Friday, March 31, 2017

March Half: Sam Costa

If you like the twists and turns of running on suburban neighborhood streets, you'd love the Sam Costa Half... and, there is something seriously wrong with you.

For my March half, 3rd of twelve planned for the year, I chose one close to home, and dear to my local running community: The 48th Sam Costa Half Marathon.

This race has been around for ever, a staple of Central Indiana running. It's named in memory of a Chicago Police Department detective who used to drive 200 miles to train with his Carmel, IN based running buddies. (You can read a more complete history here.)

The Costa is well run, has a nice local feel, is not too big, and not too small. Big enough that you feel like you're running a half marathon, small enough you can find a parking spot 20 minutes before the start.

Given that the race is traditionally late winter or early spring, the weather can be hit or miss, but this year, it was 50-ish, and the threatened rain never showed.

The only thing not great about the Sam Costa... is the course.

(Click to see the course in a new window.)

The course makes extensive use of nearby (lovely) neighborhoods. The first 3 miles is typical Indiana suburbia with lots of tight turns, some "multi-use trail", which is essentially a double-wide asphalt sidewalk, and some short stretches of decent road. With just 470 finishers, it wasn't crowded, but negotiating the turns and the transitions from trail to street and back kept you on your toes.

Miles 3 through 8 are the only miles not in suburbia. There were some decent stretches where you could get into a groove. Unfortunately, this year, those stretches seemed to always be dead into the wind. The northern most extent of the course was especially brutal... a long, straight, rolling beat into a stiff wind on a road frequented by gravel trucks and the accompanying ultra-fine dust sand-blasting your eyeballs.

From mile 8 to the finish, it was all twisty, turny neighborhood streets.  I felt like I was constantly turning, or preparing to turn.

On tired legs, 5 miles from the finish, you don't want to think about tangents and curbs and manholes and sewer inlets... you want your mind to drift off to a happy place, you want to fall into a groove and let those miles pass.

It might not seem like a big deal, but with every change in direction, you lose forward momentum. I'm not making that up, it's physics. And with every turn you have to work to regain that lost momentum. And there were so... many... turns.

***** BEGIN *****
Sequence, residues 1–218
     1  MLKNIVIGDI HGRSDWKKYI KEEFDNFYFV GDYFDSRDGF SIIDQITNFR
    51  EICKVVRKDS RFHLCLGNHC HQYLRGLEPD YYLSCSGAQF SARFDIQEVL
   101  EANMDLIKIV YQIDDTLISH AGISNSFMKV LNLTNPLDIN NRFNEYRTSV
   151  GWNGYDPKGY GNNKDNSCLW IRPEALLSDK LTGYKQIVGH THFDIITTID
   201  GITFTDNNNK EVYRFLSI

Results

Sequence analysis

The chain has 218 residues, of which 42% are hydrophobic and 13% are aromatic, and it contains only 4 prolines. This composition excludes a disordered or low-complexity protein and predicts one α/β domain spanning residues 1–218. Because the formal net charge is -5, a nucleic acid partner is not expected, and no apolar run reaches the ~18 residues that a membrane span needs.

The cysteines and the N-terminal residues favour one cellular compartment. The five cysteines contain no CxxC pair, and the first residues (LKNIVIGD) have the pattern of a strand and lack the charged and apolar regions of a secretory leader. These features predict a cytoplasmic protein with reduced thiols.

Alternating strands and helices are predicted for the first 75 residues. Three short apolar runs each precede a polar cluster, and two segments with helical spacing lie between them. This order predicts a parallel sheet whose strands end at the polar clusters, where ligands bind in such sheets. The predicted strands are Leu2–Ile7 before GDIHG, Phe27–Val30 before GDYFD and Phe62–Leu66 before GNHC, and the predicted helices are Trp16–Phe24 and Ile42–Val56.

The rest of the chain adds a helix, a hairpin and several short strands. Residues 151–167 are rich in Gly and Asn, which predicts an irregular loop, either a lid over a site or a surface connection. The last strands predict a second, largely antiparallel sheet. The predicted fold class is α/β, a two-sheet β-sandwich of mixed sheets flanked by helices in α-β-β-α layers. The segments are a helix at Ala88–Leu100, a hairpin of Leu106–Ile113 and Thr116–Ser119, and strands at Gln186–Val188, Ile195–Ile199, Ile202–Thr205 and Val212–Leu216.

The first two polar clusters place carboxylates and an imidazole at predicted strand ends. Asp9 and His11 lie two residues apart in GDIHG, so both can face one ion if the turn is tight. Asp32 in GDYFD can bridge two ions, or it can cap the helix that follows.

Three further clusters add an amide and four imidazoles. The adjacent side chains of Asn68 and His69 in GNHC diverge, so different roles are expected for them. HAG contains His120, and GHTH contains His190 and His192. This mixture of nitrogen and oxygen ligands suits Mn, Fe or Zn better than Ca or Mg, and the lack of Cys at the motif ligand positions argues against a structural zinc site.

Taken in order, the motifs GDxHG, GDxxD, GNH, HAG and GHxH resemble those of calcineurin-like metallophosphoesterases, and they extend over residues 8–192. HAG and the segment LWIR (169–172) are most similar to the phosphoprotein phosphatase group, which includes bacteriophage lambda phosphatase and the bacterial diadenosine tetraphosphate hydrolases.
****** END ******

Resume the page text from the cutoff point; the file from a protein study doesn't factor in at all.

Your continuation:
Somewhere between miles 9 and 11, I questioned why on earth I'm running these stupid half marathons. I was not having fun.

Eventually we popped out of one of the anonymous neighborhoods into the street that lead to the church, the church perched high on a hill, the same hill where the finish line was. Finally, the end was imaginable.

Coming toward me, taking the course the wrong way, presumably on a cool down (uhg, I hate it when people trot by on their cool down when I haven't finished yet, especially when they are young, and thin, and have great hair), was a young man who urged me on, "looking good, just 200 meters".

I wished I'd stopped right there, turned around, and officially declared bullshit, right to his face. We were AT LEAST 600 meters out. Probably 800. This young, fast, thin dude with great hair was either being WAY too patronizing to those of us still running, thinking somehow that if we thought we were only 200m out  it was going to keep us from quitting. Or, maybe he was EXCEPTIONALLY bad at judging distance. Or perhaps both. To survive what must have been 23,000 turns and sand-blasted retinas only to be insulted and/or unfathomably misled by all that hair... it was just too much.

Fueled by self-righteous disdain I trudged up the stupid twisty (of course) hill to the stupid church parking lot and crossed the stupid finish line: 1:59:33. Again, inconsequentially under 2 stupid hours.

And then... I started to dry heave.

I was dry heaving as if it were the second phase of some disturbing duathlon, one in which I'd given up A LOT of ground in the 13 mile run leg and was determined to make it all up in the dry heave leg.